Great thread!
    Me and a friend have just begun to brew mead (or mjöd, as it is called in Swedish).

    We are using 21 litres of freshwater from a local well, and 5 kilograms of hunny (according to my friend, it is important to use high-quality hunny. Cheap hunny is often made by feeding the bees sugar-water, but you'll need hunny with real nectar for the taste).

    Today we cooked the hunny and the water together, and during the night it shall reach room-temperature. Then we will add the yeast, and start the process. Traditionally, one spat in the mix, and shouted loudly to scare away evil forces, but we will probably skip tradition tomorrow (I aint drinking something someone else spat in, and he'll get evicted if we start to shout and swear).

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    Post Re: Met - the drink of the gods

    And today, after invoking Oden, Tor, Frö and Freja for good luck, we added the yeast to the water and honey. We also bought drinking horns, since one should not drink mead from a usual glass. And now we are waiting for the process to begin.

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    Post Re: Met - the drink of the gods

    Hope it will taste. and make a foto please.


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    Post Re: Met - the drink of the gods

    Glad to read other people are making this fine drink.
    I started a 6 gallon batch a few months ago. It is still sitting on the lees but hasn't cleared enough yet to rack into a new carboy. I always use the modern method of sterilization by sulfites instead of boiling which I guess is partly to blame for the slow settling of proteins. Also, I use the champagne yeast (technically saccharomyces cerevisiae) to achieve a dry mead with alcohol usually reaching about 18-20 percent by volume. I suppose this is all very unorthodox, more along the lines of modern winemaking. Still the raw unfiltered honey was from local california apiaries (i'm using mountain flora honey this time). Instead of chemical acidifier I used a couple limes. This method of using lemons or limes shouldn't change the flavor of the mead as they are part of the must and in small proportion, and will fade out over the duration of the brewing and clarification process.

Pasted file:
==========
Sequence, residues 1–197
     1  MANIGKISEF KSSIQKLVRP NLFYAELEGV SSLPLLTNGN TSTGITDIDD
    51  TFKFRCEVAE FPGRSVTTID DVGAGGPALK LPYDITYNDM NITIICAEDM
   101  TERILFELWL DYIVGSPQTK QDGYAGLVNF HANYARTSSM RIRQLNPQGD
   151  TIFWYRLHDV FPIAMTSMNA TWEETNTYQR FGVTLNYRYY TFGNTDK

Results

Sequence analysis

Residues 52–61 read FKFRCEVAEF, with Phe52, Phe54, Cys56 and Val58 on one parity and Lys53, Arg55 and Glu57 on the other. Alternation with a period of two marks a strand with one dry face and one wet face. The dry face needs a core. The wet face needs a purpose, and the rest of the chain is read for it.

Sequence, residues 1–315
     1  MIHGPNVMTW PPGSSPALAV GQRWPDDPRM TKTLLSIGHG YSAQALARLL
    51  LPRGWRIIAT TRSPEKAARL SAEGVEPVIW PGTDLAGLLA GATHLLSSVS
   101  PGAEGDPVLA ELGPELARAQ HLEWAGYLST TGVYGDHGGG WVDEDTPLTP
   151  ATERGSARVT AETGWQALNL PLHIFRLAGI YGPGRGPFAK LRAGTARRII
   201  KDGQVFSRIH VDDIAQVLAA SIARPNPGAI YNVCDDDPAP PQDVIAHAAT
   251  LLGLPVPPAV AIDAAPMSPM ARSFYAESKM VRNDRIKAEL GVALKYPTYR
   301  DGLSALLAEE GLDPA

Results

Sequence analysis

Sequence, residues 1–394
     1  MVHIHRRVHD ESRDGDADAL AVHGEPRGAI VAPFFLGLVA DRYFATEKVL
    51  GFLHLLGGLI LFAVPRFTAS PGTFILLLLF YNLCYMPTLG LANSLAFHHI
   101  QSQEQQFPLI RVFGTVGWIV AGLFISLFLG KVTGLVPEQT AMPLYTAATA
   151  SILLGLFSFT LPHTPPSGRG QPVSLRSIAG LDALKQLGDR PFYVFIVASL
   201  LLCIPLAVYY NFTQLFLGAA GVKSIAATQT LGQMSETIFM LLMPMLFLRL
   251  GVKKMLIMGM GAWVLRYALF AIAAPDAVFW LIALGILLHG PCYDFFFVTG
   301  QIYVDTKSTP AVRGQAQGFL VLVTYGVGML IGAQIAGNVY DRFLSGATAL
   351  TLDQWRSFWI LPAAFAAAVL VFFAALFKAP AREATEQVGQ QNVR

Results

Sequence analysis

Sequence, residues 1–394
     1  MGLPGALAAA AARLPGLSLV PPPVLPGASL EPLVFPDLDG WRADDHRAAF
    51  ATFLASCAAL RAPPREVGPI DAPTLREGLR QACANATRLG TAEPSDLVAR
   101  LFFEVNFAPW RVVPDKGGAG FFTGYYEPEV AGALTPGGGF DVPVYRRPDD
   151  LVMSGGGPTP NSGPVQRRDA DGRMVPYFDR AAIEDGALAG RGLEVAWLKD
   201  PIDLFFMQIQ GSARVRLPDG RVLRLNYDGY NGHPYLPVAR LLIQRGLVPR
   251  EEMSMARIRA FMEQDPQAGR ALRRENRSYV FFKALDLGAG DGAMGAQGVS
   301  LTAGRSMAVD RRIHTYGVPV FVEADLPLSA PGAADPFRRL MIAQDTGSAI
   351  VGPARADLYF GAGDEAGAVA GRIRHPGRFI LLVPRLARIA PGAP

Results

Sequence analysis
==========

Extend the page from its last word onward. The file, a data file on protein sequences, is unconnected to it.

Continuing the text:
If I wanted to be real "authentic" in deed, I guess I should use a big cauldron to boil the honey, dead bees and wax with various berries/twigs (for tannin), and river water, scraping away the white foam (good to spread on bread), and then put it in a tun with a slight gap and some old beer yeast starter, and let it sit, checking every few days to scrape off the accumulating unwanted molds and bacteria colonies. but in spirit I think we reach unity with our ancestors simply by having in the end a good strong drink.

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    Post Re: Met - the drink of the gods

    Thiudans, I use a similar technique, minus the sulfites. I don't boil the must, either, but rather use a technique along the lines of pasteurization. I also like to use champagne yeast, and usually achieve around the same percentage of alcohol/vol.

    I get the honey from friends who run an apiary, and I like to experiment with additives from the local flora. I've found freshly-dug sassafras and ginseng roots to be a nice addition.

    I wonder, though, about the length of time it's taken for your batch to settle. A few months? I usually rack after about two weeks of initial fermentation, then ferment in the carboy for another two weeks or so before bottling.
    Last edited by Appalachian; Monday, January 17th, 2005 at 09:44 PM.

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    Post Re: Met - the drink of the gods

    Oskorei,

    "Traditionally, one spat in the mix, and shouted loudly to scare away evil forces, but we will probably skip tradition tomorrow (I aint drinking something someone else spat in, and he'll get evicted if we start to shout and swear)."

    rotflol! just getting a visual of that. *grin*
    ~germana.